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Job Control
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12.5 System Overloaded? Try Stopping Some Jobs

If your computer is barely crawling, you can kill (38.10) some processes... but you'll have to start them again later. On a Berkeley system, you can renice (39.11) the processes... but you won't be able to raise the priority again later, after the system speeds up, unless you're the superuser (1.24).

If you don't need your results right away (and you won't get them, anyway, if the system is crawling!), try stopping some jobs. The best candidates are "CPU-eaters" like formatters (43.12), compilers (52.8), and any job that runs up a lot of time quickly in the ps (38.5) or time (39.2) reports. Start them again, later, and the jobs will take up where they left off.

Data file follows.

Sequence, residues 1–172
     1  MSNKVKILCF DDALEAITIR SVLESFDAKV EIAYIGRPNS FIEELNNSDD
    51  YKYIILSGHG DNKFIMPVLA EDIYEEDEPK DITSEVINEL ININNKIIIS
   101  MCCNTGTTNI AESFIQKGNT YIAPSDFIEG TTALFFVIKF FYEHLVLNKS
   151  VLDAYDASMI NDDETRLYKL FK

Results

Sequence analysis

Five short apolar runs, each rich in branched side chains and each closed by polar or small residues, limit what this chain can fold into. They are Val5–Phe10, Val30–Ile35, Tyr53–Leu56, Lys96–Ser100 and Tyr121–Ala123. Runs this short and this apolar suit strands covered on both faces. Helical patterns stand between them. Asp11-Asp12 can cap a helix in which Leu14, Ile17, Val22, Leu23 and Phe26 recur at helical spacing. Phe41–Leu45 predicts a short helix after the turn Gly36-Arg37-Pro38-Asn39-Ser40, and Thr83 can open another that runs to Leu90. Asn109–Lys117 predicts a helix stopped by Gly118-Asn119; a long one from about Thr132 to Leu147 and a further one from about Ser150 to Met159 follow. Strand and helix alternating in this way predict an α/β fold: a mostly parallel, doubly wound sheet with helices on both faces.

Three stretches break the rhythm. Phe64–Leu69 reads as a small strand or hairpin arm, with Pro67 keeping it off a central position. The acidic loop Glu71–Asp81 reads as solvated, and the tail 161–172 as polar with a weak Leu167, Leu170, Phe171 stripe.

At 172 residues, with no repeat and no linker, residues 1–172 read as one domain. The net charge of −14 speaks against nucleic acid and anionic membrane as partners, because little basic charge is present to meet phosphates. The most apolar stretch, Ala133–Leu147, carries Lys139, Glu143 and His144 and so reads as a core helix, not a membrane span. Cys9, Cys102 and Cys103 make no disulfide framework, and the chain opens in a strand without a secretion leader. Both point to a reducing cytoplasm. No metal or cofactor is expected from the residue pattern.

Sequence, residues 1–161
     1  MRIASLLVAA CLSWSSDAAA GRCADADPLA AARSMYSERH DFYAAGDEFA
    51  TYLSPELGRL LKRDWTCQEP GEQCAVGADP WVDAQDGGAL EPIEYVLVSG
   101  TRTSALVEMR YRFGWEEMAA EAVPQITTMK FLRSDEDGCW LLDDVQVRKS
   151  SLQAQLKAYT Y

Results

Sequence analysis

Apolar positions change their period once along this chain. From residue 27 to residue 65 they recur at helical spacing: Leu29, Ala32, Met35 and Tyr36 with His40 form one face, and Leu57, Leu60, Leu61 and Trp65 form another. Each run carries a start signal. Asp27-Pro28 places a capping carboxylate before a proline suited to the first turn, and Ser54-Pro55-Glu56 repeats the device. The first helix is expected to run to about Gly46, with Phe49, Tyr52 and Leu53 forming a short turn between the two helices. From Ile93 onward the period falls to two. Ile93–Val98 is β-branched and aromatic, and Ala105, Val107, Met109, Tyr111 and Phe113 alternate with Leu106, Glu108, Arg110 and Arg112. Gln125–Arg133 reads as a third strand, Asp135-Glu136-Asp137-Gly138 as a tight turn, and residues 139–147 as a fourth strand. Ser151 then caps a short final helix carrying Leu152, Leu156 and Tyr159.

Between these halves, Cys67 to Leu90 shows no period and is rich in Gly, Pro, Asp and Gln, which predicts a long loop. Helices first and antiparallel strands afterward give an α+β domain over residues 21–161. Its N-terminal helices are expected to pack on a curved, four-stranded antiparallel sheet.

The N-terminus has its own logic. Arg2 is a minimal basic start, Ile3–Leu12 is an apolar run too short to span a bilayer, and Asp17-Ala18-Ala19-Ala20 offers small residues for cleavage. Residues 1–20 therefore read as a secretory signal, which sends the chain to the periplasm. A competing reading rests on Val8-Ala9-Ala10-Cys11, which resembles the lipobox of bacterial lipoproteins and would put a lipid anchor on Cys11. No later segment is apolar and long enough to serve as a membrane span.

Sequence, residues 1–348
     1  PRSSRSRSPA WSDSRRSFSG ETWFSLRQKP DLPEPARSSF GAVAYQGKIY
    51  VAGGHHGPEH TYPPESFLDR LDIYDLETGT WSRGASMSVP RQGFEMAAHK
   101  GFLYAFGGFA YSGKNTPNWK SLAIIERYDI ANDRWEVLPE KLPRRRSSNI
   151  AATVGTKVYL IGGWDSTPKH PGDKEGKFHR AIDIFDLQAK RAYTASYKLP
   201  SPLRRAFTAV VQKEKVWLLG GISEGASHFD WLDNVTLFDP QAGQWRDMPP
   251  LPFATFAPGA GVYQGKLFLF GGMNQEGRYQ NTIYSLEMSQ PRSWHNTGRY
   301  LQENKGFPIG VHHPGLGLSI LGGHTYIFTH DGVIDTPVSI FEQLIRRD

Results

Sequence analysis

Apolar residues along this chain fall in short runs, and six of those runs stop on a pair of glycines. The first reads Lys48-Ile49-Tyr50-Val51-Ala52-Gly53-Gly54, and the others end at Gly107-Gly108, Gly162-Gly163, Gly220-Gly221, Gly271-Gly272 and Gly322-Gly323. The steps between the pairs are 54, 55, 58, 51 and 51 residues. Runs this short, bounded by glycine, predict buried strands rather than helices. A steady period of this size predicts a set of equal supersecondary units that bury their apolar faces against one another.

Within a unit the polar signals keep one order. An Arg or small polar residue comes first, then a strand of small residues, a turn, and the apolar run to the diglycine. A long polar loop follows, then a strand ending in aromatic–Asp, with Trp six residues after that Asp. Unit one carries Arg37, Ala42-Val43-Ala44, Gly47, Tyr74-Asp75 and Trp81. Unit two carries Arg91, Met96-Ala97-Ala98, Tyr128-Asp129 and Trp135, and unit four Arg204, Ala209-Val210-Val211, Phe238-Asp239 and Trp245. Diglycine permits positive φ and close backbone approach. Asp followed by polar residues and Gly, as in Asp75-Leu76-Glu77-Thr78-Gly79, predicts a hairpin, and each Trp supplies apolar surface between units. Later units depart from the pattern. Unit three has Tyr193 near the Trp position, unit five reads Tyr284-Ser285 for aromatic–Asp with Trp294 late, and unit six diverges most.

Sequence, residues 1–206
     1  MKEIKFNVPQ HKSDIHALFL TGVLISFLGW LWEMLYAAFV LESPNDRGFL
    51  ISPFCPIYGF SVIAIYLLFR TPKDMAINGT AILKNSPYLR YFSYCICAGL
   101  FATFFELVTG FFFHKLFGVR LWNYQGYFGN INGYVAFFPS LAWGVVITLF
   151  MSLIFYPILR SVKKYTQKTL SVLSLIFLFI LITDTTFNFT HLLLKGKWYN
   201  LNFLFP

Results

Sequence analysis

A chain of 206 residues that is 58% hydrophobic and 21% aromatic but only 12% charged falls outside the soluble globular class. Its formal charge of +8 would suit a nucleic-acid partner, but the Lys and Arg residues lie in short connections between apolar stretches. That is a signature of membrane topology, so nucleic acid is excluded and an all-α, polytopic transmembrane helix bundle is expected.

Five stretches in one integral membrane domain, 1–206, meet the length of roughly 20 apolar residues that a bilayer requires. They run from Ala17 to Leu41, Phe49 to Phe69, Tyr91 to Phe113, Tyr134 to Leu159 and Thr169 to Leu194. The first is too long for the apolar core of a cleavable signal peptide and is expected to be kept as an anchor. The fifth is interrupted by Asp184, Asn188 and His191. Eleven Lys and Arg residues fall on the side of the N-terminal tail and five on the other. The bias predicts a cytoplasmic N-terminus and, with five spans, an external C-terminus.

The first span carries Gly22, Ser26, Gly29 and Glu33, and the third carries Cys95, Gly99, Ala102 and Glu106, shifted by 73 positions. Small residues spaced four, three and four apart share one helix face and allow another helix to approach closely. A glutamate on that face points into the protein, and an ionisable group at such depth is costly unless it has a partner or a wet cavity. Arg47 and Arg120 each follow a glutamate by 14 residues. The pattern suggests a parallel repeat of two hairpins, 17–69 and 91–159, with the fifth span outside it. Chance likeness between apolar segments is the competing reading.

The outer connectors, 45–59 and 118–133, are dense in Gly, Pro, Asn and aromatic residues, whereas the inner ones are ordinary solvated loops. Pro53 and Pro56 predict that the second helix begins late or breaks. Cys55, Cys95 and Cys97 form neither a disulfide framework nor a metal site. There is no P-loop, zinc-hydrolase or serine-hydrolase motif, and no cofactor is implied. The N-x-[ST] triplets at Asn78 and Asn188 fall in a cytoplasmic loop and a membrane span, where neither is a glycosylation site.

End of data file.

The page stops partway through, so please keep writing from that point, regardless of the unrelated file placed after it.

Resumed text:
If the job is in the foreground, just press CTRL-z (12.1) to stop it. If the job is running in the background and you're running csh or tcsh, use the shell's stop command with a job identifier - for example, stop %3 or stop %cc.

On other shells - even shells without job control (!) - you can use kill (38.10) with the -STOP signal and either the job number or process ID number. csh and tcsh have a stop command that does this for you. On other shells, if you'd like, you can add an alias named stop to the shell setup file (2.2). Later, put the job back into the background with bg, or into the foreground with fg. For example:

bash$ alias stop='kill -STOP'
bash$ jobs
[1]+  Running                 g++ hugeprog.cc &
bash$ stop %1
[1]+  Stopped (signal)        g++ hugeprog.cc
    ...later...
bash$ bg %1
[1]+ g++ hugeprog.cc &

- JP


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